Victoria, B.C., Canada - Law Enforcement Against Prohibition (LEAP) speaker and board member Constable David Bratzer won a free speech case against his employer, the Victoria Police Department (VicPD), for discrimination against his political beliefs. The British Columbia Human Rights Tribunal has ruled the Victoria Police Department discriminated against Officer Bratzer by unlawfully restricting his off-duty activities as a drug policy reform advocate. The decision clarifies the strong protections for political belief offered by the British Columbia Human Rights Code.

Throughout the case, Bratzer has been unable to speak publicly as a representative of LEAP but has remained active through leadership roles. His valuable expertise on drug policy has been noticeably absent from the public discourse in Canada.

“It’s been a difficult road, but I’m happy to finally have my voice back,” said Constable David Bratzer.
  •     The Tribunal determined that employers have a duty to accommodate the political beliefs of employees (paragraph 323).
  •     The Tribunal recognized that the protection offered by the Code for political belief includes not only the belief itself but also the manner of expression (paragraphs 274 and 276).
  •     The Tribunal ruled that employers cannot force their employees to ask for permission in advance of expressing their political beliefs (paragraph 401).
  •     The Tribunal recognized the right of police officers to participate in political advocacy and in the affairs of a political party (paragraphs 321 and 386).
  •     VicPD has been ordered to pay $20,000 to Constable Bratzer for injury to dignity, the highest ever award for a political belief case in Canada (paragraphs 437 and 438).
“If officers of the law can’t speak up about their political beliefs, their ability to work toward improving their communities and the policing institution is constrained,” said Maj. Neill Franklin (Ret.), executive director of LEAP.

LEAP is a nonprofit group of police, judges, prosecutors, and other criminal justice professionals working to end the War on Drugs. The drug war has created dangerous underground markets and gang violence, fostered corruption and racism, and largely ignored the public health crisis of addiction.

To access the official case decision documents, please visit http://tinyurl.com/zwdneyo

###

Friday, April 1, 2016

Press Release: FLORIDA PASSES SWEEPING CIVIL ASSET FORFEITURE REFORM

Contact: Mikayla Hellwich                                                      
240.461.3066

FLORIDA PASSES SWEEPING CIVIL ASSET FORFEITURE REFORM

Gov. Scott Signs After Unanimous Bipartisan Vote in Both Houses

Tallahassee, FL – Today, Florida Governor Rick Scott signed civil asset forfeiture reform bill SB 1044. The new law strengthens individual property rights and holds police departments to a higher standard of record keeping and accountability. Civil forfeiture is a legal process by which law enforcement can seize property and money from individuals merely suspected of criminal activity, even if they are never charged with a crime. The practice has fostered questionable incentives for law enforcement agencies to benefit financially from a process that infringes on civil liberties. SB 1044 was unanimously supported in both the House and Senate and lauded by civil liberties and law enforcement organizations. According to a new poll from Drug Policy Action, 84% of registered Florida voters believe that police should not be able to seize and permanently take away property from people who have not been convicted of a crime.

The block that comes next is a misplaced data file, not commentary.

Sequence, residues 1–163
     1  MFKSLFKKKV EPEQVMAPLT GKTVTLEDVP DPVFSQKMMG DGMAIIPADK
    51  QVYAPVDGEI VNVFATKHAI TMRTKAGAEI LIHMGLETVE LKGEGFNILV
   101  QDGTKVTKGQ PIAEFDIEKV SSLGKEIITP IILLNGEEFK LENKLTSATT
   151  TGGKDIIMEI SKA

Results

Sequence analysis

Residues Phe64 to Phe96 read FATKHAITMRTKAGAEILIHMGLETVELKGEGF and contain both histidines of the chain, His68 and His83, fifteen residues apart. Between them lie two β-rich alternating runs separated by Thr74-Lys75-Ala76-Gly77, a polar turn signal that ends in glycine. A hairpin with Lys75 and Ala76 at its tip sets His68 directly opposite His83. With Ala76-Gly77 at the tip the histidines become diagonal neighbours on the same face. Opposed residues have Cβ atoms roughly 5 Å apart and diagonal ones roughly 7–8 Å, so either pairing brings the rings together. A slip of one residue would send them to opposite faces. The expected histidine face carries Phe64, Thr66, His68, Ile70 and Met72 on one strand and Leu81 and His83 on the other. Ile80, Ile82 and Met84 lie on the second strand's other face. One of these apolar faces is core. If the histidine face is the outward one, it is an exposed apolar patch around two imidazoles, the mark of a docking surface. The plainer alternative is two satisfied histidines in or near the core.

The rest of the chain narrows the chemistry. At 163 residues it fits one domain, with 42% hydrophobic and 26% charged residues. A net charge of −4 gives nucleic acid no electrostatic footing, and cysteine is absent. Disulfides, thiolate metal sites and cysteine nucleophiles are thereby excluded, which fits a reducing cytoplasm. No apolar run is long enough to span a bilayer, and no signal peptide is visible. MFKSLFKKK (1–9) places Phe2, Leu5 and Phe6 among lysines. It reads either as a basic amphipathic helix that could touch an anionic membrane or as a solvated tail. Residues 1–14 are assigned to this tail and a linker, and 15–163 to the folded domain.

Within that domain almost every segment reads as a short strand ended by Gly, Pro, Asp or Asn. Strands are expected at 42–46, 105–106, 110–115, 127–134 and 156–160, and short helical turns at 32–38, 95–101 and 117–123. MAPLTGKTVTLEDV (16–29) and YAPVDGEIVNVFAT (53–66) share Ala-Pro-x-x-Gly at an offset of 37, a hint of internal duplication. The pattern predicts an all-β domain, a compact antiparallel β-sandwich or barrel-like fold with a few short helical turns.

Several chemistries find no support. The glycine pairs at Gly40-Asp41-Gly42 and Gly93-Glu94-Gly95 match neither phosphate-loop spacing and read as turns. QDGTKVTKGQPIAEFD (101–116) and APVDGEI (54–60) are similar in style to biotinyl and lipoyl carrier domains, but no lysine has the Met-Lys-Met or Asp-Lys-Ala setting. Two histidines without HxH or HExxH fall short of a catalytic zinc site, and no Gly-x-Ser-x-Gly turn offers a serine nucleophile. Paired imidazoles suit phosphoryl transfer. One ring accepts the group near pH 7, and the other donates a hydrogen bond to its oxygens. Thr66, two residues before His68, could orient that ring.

“As enforcers of the law, we have a duty to stand up against policies that are unjust and recognize when our voices can be a powerful force for positive change,” said Maj. Neill Franklin (Ret.), executive director for Law Enforcement Against Prohibition (LEAP), a group of criminal justice professionals working to end civil forfeiture and the drug war. “Although there is more to be done, the Florida Sheriff’s Association and the Florida Association of Police Chiefs deserve recognition for making steps towards more sensible policies.”

Also on the lengthy list of SB 1044 supporters are the Drug Policy Alliance, Florida American Civil Liberties Union, the Florida Association of Criminal Defense Lawyers, the Institute for Justice, and Americans for Tax Reform.

The bill changes Florida’s Contraband Forfeiture Act, which decides how and when law enforcement agencies are able to seize assets. SB 1044 requires that police make an arrest in order to seize property in most cases, increases the evidentiary standard of proof from “clear and convincing” to “proof beyond a reasonable doubt,” holds the agency accountable for damages on seized property, and outlines reporting requirements for agencies to track forfeitures. No such requirement existed previously. Currently, Florida law enforcement agencies seizing assets of more than $15,000 per year must donate 15% of those assets to predetermined programs. The new law increases the donation requirement to 25%.

In nearly every U.S. state, law enforcement can seize money and property from individuals without seeking or obtaining a criminal conviction. Civil forfeiture places the legal burden of proof on the property (in-rem) rather than the owner (in personam), meaning the property is being charged rather than the person who owns it. Another type of forfeiture called “criminal forfeiture” requires the officer to obtain a conviction and ultimately accuses the property owner of criminal activity rather than the property being seized. This practice is generally considered beneficial because it aligns with the constitutional right to due process. According to a 2015 report by the Institute for Justice, 87% of forfeitures in the U.S. between 1997 and 2013 were civil and only 13% involved criminal cases. The same report graded Florida’s previous civil forfeiture laws with a D+ for abysmal individual property rights and unethical incentive for law enforcement to profit from these interactions.